Does Novartis Pass Buffett's Test?

We'd all like to invest like the legendary Warren Buffett, turning thousands into millions or more. Buffett analyzes companies by calculating return on invested capital, or ROIC, to help determine whether a company has an economic moat -- the ability to earn returns on its money above that money's cost.

In this series, we examine several companies in a single industry to determine their ROIC. Let's take a look at Novartis (NYSE: NVS  ) and three of its industry peers, to see how efficiently they use cash.

Of course, it's not the only metric in value investing, but ROIC may be the most important one. By determining a company's ROIC, you can see how well it's using the cash you entrust to it and whether it's actually creating value for you. Simply put, it divides a company's operating profit by how much investment it took to get that profit. The formula is:

ROIC = net operating profit after taxes / Invested capital

(Get further detail on the nuances of the formula.)

This one-size-fits-all calculation cuts out many of the legal accounting tricks (such as excessive debt) that managers use to boost earnings numbers, and it provides you with an apples-to-apples way to evaluate businesses, even across industries. The higher the ROIC, the more efficiently the company uses capital.

Ultimately, we're looking for companies that can invest their money at rates that are higher than the cost of capital, which for most businesses is between 8% and 12%. Ideally, we want to see ROIC above 12%, at a minimum, and a history of increasing returns, or at least steady returns, which indicate some durability to the company's economic moat.

Here are the ROIC figures for Novartis and three industry peers over a few periods.

Company

TTM

1 Year Ago

3 Years Ago

5 Years Ago

Novartis

11%

10.7%

15.5%

13%

Merck (NYSE: MRK  )

10.1%

12.8%

6.9%

19.9%

GlaxoSmithKline (NYSE: GSK  )

17.6%

26.6%

26.4%

28.7%

Pfizer (NYSE: PFE  )

10.8%

9.4%

8.4%

15.7%

Source: S&P Capital IQ. TTM = trailing 12 months.

Of the listed companies, only GlaxoSmithKline meets our 12% threshold for attractiveness. However, its returns have declined by more than 11 percentage points from five years ago. Novartis and Pfizer both come close to meeting our 12% threshold, but they've also seen some declines in their returns from five years ago. However, all of these companies offer healthy dividends: Novartis at 3.4%, Merck at 3.6%, GlaxoSmithKline at 4.2%, and Pfizer at 3.3%.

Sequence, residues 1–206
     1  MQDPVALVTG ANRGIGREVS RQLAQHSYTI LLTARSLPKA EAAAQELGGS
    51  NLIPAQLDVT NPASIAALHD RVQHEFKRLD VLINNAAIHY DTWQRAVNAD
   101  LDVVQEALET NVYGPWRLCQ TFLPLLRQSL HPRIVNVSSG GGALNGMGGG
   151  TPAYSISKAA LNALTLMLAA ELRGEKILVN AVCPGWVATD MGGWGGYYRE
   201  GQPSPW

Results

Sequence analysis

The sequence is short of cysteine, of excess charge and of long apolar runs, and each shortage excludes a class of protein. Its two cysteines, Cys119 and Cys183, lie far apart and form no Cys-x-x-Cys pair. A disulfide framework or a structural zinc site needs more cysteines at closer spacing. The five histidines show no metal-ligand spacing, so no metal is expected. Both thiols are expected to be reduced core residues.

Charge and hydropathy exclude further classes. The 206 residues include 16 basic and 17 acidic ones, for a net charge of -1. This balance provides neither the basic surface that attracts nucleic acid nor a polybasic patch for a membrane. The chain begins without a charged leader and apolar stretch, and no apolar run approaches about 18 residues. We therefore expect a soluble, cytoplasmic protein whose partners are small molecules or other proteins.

Novartis is active in both the proprietary and the generic drug markets. This diversity offers key benefits. While proprietary drugs can help a company's profits skyrocket, they also expose businesses to rapid drops in revenue as patents expire and regulatory changes cause consumers to pursue lower-cost options. While Novartis' involvement in the generic drug market may not offer the same growth potential, it can help the company maintain more steady revenues.

The expiration of Merck's Singulair asthma drug patent leveled a hit to the company's revenues. However, it has some promising drugs in its pipeline that may be able to increase revenues in the future, including diabetes treatments Januvia and Janumet and cholesterol drug Vytorin.

Pfizer has faced patent-cliff issues of its own, as the expiration of its Lipitor patent has caused a massive drop in Lipitor's sales. The company has tried to make up for the loss in revenue by reducing staff to cut costs. Pfizer also has some new drugs that may help improve its revenues, including blood clot treatment Eliquis and rheumatoid arthritis treatment Xeljanz.

GlaxoSmithKline recently acquired lupus drug Benlysta through its purchase of Human Genome Sciences. This acquisition also gives GlaxoSmithKline access to several promising drugs that were in Human Genome Sciences' pipeline. The company is also working with a company in India to create a single vaccine that guards against polio, hepatitis B, and whooping cough as part of a larger strategy to expand into emerging markets.

Businesses with consistently high ROIC show that they're efficiently using capital. They also have the ability to treat shareholders well, because they can then use their extra cash to pay out dividends to us, buy back shares, or further invest in their franchise. And healthy and growing dividends are something that Warren Buffett has long loved.


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